The Islamic conquest and domination of Sicily, as well as parts of southern Italy began in the 7th century after the foundation of Islam and the attempt by the Muslim leaders to conquer the world.

    By Koranic tradition, Islam makes its attempts to re-conquer the world in the 7th or 8th decade of every century and does not stop until it is halted by force. When stopped it generally lies low until the 7th or 8th decade of the next century when it then makes another attempt at world domination.

    How, then, can it call itself a religion of peace? It does so because it means by peace the eventual peace that will, it says, be the consequence of the conquest of the world for Islam. In the meantime, however, it is war.

    (Retrieved from, http://www.romanchristiandom.blogspot.com)

    The Battle of Tours France is said to be the most important battle ever won for the sake of civilization.
    So in the case of Islam. History confirms that Islamic objective is war until the entire world submits to Allah.

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    • Will reply in due course. Thank you for the message.

      But what is the source for this, out of interest? (Otherwise, I just have to take your word for it.) Peace.

      Liked by 1 person

      • Most of history describes it as barbarians that sacked Rome around 850, or the Barbary Wars of the Mediterranean around 1800, and strangely almost disguises it by doing so. Further investigation will prove to anybody that it is Islam that they are calling barbarian.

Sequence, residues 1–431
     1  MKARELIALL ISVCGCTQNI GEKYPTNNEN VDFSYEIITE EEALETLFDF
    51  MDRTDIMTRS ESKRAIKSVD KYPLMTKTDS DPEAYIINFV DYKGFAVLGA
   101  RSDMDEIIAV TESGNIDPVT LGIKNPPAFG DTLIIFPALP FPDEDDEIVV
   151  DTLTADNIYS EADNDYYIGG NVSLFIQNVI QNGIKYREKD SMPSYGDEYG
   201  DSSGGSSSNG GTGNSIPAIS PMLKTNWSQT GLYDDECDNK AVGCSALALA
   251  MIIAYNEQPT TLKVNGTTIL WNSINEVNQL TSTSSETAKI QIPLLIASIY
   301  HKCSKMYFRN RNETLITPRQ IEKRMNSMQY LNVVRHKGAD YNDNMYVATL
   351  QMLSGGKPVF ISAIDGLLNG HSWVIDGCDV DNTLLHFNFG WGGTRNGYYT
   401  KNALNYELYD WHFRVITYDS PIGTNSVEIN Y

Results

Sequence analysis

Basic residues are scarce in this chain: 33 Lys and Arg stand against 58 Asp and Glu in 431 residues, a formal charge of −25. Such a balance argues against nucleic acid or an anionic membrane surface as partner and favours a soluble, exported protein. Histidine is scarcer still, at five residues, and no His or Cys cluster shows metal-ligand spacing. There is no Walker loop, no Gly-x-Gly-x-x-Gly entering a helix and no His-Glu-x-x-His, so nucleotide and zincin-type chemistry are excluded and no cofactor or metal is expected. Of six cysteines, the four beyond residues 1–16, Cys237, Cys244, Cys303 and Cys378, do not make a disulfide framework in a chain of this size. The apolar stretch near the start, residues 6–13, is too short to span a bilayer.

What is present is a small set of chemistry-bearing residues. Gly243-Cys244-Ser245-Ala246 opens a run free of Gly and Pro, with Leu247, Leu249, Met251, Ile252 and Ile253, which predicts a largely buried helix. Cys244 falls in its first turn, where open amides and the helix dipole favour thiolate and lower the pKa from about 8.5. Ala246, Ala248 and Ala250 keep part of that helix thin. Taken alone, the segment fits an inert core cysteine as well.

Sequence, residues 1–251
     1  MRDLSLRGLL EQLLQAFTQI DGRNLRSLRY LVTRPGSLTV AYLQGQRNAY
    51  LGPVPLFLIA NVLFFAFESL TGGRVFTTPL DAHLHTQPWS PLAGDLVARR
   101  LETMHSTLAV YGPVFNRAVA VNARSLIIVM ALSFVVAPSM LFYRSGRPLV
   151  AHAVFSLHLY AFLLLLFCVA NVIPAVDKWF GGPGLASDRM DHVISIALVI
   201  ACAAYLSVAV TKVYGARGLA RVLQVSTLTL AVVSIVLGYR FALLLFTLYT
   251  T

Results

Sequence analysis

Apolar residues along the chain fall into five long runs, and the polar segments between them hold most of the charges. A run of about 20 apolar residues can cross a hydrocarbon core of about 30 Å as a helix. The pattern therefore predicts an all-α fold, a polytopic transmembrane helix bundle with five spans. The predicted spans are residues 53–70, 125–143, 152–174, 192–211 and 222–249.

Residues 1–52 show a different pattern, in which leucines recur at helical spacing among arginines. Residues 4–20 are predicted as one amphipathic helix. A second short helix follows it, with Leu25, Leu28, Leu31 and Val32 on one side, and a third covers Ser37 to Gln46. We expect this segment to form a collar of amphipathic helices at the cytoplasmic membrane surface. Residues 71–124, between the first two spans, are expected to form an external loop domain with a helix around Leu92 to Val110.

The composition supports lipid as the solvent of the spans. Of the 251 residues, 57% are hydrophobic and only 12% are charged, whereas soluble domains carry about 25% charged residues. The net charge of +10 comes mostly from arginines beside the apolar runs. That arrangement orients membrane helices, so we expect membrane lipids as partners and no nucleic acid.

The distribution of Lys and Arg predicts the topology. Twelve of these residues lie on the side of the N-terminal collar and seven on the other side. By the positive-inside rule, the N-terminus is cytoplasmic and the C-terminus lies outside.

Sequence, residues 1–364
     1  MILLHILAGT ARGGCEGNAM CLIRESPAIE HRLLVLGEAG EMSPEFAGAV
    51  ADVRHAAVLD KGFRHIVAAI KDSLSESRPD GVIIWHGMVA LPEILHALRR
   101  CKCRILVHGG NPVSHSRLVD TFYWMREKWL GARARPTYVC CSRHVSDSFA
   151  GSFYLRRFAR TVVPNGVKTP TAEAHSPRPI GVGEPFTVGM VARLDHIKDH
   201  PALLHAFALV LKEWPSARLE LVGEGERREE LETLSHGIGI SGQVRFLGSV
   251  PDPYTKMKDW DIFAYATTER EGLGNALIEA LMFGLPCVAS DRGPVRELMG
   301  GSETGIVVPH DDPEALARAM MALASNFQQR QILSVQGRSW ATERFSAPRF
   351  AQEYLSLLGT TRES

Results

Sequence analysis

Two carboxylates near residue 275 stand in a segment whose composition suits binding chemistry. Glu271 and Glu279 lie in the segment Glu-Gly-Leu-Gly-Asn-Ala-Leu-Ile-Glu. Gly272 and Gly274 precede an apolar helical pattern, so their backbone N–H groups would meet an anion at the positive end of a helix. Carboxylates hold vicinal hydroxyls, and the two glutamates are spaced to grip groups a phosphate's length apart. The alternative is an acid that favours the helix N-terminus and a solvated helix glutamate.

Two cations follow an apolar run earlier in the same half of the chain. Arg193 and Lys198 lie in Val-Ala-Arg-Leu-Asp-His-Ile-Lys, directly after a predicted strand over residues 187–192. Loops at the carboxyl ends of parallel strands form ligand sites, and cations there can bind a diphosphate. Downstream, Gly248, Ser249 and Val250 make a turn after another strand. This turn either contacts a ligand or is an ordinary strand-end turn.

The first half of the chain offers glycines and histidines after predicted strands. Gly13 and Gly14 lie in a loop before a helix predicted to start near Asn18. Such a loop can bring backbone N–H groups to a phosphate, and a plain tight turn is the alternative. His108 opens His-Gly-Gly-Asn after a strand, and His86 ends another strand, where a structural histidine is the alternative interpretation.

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      • Sorry. Didn’t have my facts straight. The Germa Goths raided Rome first around 450a.d. much earlier than Muhammad.
        Islamic raids began around 850 a. d.
        Here you go, with source.(1910 Catholic Encyclopedia )

        “Leo built the walls in order to protect the city against the encroachment of “Saracens”, an early term for the Arab Muslims who were hell bent on the conquest of Christian Europe. In 846, a year before the start of Pope Leo IV’s reign, the Saracens attacked the outskirts of Rome. The Muslim raiders targeted the Basilicas of St. Peter and St. Paul, which were located outside of the massive walls that defended Rome itself. The Saracens looted the two churches, robbing them of their relics and desecrating the tombs of two of Christendom’s most revered saints.”

        “The 1910 Catholic Encyclopedia says that shortly after the raid, “[Pope Leo IV] began to take precautions against a repetition of the Saracen raid of 846. He put the walls of the city into a thorough state of repair, entirely rebuilding fifteen of the great towers. He was the first to enclose the hill by a wall.” The walls that Pope Leo built, which were completed in 852, were nearly 40 feet high, twelve feet thick, and defended by dozens of towers that turned the site into a fortified city.”

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      • Thanks for update. I have some thoughts but may write it out as a post in due course. Will let you know when it’s done. Cheers mate. Peace.

        Liked by 1 person